In the ’80s, Slice had a solid hold on the fruit juice-flavored soft drink market thanks to a healthy amount of marketing from PepsiCo. As the years went on, jockeying for soft drink supremacy against the heavy-hitting Sprite and 7-Ups of the world proved to be too much, and by 2009, the drink that bolstered “10% real juice” on the can was exclusively on the shelves of Wal-Mart. From there, it died a quiet death. The cans were so sparse and hard to find you couldn’t even pour a Slice out for Slice.
At least people were spared from their late-stage, gross-out commercials:
Now, Chicago entrepreneur Mark Thomann has bought up the trademark rights and plans on relaunching Slice as a low-calorie, low-sugar alternative. On its face, it’s a move that’s in line with what PepsiCo is doing, launching a new sparkling water brand called Bubly, or Coca-Cola’s fruity Diet Cokes. It’s all in an effort to win back market share from the sparkling water takeover that has dominated the industry over the last few years.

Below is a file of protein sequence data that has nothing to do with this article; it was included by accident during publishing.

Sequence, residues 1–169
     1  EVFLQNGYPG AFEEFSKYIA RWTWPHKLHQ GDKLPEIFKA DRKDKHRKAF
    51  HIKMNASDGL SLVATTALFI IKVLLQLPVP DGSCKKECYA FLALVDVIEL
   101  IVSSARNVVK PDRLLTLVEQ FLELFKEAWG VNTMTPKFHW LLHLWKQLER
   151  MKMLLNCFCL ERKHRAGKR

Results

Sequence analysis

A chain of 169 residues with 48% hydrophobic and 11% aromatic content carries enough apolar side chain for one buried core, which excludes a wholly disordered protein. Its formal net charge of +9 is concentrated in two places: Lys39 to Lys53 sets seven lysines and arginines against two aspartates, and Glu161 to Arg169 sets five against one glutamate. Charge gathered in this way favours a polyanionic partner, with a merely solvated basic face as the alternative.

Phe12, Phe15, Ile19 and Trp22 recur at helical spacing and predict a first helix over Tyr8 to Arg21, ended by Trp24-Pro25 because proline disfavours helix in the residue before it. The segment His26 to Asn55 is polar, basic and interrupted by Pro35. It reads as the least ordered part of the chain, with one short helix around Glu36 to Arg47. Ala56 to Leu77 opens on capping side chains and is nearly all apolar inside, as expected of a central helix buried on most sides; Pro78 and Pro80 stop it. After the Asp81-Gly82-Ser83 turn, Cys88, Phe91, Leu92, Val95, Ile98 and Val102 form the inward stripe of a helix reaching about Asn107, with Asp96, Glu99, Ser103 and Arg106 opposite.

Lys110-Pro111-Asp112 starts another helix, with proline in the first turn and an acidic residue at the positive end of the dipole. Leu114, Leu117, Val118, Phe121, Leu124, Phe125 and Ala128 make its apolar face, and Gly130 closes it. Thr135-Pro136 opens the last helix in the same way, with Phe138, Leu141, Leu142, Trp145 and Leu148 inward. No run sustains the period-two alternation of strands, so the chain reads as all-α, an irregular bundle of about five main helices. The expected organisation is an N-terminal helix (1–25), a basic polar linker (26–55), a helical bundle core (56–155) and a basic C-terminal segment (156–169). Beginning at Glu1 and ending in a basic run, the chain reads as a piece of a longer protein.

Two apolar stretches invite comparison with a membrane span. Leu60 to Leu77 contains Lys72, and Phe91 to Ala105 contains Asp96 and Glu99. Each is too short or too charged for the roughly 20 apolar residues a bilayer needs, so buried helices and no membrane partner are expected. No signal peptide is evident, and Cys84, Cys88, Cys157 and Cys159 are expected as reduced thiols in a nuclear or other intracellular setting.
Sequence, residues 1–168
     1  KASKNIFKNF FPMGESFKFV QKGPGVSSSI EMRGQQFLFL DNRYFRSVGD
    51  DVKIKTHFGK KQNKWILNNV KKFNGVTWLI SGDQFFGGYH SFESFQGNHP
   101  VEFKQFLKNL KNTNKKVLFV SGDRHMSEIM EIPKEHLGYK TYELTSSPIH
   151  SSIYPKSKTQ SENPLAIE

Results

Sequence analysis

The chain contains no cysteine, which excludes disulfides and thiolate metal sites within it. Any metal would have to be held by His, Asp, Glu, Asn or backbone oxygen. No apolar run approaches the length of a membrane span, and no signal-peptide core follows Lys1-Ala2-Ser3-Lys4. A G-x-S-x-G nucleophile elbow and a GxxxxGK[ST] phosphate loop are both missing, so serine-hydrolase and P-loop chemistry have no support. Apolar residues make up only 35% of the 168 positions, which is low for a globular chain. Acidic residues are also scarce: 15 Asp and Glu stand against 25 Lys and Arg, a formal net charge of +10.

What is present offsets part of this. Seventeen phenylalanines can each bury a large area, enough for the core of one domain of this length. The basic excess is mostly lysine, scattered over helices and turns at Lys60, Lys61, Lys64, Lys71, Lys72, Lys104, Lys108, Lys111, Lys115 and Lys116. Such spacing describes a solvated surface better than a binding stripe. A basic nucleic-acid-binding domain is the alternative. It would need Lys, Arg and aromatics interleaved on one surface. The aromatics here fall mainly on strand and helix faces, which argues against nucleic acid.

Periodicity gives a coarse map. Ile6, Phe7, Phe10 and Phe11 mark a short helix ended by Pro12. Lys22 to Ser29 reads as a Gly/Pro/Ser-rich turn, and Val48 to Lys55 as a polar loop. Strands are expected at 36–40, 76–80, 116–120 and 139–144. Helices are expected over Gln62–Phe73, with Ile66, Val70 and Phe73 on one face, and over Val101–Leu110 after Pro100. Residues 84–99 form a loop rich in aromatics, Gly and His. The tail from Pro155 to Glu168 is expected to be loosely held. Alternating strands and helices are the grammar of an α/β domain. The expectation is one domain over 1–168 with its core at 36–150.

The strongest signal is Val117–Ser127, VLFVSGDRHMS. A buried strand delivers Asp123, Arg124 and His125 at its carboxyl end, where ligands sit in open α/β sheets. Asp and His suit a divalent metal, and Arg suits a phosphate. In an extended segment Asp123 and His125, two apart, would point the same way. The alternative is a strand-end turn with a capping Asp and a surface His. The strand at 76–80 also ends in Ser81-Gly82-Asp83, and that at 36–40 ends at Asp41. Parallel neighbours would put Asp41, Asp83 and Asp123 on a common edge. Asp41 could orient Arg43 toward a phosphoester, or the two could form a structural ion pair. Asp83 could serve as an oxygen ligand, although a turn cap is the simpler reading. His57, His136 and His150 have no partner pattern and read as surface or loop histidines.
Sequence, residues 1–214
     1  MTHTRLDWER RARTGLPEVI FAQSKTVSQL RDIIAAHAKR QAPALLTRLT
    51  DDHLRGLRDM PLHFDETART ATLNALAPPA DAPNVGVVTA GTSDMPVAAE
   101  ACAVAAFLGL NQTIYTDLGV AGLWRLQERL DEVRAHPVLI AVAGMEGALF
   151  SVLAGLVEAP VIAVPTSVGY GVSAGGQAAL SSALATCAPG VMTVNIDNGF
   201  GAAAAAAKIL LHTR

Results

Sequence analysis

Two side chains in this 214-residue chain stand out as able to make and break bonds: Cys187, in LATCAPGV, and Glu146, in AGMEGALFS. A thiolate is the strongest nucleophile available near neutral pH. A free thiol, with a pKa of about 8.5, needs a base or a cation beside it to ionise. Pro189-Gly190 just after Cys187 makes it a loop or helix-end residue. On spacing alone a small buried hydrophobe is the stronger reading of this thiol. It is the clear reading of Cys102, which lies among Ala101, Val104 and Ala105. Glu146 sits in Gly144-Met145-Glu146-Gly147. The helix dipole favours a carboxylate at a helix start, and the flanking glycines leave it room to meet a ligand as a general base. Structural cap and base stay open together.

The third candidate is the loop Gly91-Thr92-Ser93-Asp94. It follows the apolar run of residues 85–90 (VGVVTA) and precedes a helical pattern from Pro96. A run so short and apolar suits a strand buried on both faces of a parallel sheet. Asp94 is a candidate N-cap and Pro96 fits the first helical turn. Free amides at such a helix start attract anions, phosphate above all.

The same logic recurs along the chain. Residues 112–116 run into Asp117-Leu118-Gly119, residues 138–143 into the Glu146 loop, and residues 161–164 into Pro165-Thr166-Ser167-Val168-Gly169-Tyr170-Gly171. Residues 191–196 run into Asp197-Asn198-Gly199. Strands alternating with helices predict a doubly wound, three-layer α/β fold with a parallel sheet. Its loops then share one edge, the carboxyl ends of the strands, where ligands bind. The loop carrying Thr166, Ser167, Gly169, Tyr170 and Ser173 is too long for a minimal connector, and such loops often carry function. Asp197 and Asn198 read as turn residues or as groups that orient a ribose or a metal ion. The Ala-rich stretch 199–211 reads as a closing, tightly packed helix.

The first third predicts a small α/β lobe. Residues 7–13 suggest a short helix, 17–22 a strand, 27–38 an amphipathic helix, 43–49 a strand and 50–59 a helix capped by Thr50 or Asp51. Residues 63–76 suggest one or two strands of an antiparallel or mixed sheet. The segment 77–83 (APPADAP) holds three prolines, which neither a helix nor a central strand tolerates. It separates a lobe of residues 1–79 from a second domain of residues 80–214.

But as “fizz” enthusiasts call it, this is “snake.” Low-calorie” and “low-sugar” isn’t “no calorie” and “no sugar.” Still, Thomann believes that even against the big brands, like La Croix (or Coke), Slice will be worth $100 million in five years. Glenn Backus, managing partner of Revolution Brands, which is behind the Slice relaunch, had thoughts on where Slice would fit in the overall scheme of fizzy, flavored water.
“I think there’s an opportunity to have something more palatable (than most flavored waters),” he said. Raising the eyebrows of Polar Seltzer enthusiasts across the country.
Ultimately, the goal is for them to build up the brand then sell it back to Coke or Pepsi. Joe Gioconda, the company’s lawyer, laughed as he said: “Frankly, Coke and Pepsi could get into a bidding war if they want.” Meanwhile, there hasn’t really been a good reason stated for bringing back the brand, or for anyone to drink it.
(Via The Chicago Tribune)